Khukuri of the Month
- Primitive Making
Taking 'kukri making' to new zenith… Primitive Khukuri Making @ KHHI
'Gurkha Kukri Knife' Conservation Project...
KHHI moves further with the beginning of Nepali New year BS 2076 (April 2019) by establishing its new unit “Primitive Making”. Kukri making has always been a passion for KHHI; a pioneer company in the kukri industry. It takes pride in being the first-ever company to be the official supplier/maker to British Gurkhas, foremost to work on kukris/knives customization with the latest CNC technology and also first to manufacture high-quality kukri knives using the traditional way in Nepal. Now it is time to look beyond the ordinary and hence this new “Primitive Making”…
What is / Why Primitive Making at KHHI nepal??
One of the main reasons to establish KHHI Nepal was to promote this national knife (weapon), the skills and methods to the outside world, and also to ensure the living standards of Kamis, the born kukri makers is exalted. Being a pioneer and responsible company KHHI also felt the need of saving the age old bladesmithing of making the khukuri from the classic era. The way our great grandfathers forged blades without electricity, power tools, and various modern industrial raw materials must be conserved for the new generation to admire the art and respect the profession and people involved. Moreover in today’s context where machine completely rules why not man and his skill be the domain here. This gave birth to the 'primitive making' at KHHI Nepal which is more a conservation project than any commercial benefit. Here the making is done entirely by hand. Moreover, only very old raw materials, tools, and basic equipments (no power tools at all) are used to get the final product.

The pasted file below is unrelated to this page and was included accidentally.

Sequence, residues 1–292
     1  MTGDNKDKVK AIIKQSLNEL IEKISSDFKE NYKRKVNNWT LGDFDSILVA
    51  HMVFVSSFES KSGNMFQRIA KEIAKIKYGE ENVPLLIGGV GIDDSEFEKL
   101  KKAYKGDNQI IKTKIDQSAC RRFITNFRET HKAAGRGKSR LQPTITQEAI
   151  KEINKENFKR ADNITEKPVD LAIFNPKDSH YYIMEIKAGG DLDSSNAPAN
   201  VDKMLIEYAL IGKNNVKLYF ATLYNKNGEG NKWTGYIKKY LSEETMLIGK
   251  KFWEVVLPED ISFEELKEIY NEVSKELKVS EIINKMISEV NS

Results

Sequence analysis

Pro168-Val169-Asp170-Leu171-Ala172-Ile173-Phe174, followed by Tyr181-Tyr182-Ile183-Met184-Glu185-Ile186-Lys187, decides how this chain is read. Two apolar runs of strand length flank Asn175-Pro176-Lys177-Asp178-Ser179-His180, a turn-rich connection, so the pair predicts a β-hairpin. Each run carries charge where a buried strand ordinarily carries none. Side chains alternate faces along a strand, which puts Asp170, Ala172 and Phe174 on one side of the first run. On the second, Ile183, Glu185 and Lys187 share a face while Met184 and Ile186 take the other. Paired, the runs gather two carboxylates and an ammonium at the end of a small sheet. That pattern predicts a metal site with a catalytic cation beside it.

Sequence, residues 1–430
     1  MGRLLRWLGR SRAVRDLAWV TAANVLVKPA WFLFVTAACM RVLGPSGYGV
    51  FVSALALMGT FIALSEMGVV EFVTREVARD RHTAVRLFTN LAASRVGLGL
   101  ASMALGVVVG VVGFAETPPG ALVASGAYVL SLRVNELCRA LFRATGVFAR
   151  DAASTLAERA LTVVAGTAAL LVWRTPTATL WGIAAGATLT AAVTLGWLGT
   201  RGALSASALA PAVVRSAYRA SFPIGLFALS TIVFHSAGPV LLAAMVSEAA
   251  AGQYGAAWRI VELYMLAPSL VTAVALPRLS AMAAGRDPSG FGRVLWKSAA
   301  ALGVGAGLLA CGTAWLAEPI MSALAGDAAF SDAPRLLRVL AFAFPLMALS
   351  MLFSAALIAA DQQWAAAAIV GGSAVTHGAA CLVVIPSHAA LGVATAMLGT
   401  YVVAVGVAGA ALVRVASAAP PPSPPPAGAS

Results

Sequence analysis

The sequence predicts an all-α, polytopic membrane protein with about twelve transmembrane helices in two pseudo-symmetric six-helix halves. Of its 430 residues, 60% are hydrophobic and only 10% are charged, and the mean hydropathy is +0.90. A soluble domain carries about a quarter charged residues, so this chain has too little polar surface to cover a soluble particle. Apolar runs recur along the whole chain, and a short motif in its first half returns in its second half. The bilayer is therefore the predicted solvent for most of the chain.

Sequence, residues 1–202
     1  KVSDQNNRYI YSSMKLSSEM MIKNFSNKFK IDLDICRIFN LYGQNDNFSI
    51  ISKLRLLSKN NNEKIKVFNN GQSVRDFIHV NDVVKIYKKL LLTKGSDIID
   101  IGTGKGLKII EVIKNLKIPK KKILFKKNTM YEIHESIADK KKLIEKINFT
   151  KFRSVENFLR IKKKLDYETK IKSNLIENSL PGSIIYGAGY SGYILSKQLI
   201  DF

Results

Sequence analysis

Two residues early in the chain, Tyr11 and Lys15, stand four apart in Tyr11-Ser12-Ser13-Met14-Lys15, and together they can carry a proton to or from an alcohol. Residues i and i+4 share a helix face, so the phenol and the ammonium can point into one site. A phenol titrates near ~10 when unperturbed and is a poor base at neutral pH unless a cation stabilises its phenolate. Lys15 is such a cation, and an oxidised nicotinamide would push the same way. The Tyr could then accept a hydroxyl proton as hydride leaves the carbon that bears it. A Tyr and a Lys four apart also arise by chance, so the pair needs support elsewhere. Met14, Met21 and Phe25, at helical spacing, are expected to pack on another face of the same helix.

Khukuris currently available under Primitive Making are as follows >>
GI3 (Gurkha Issue 3rd)
World War (Historic)
Gurkha Service No.1 (Sarkhari)
With each khukuri a buyer gets the following exclusive benefits::
- a full documentary video of the making from forging to finishing
- short videos of the raw materials, tools, and equipments used for primitive making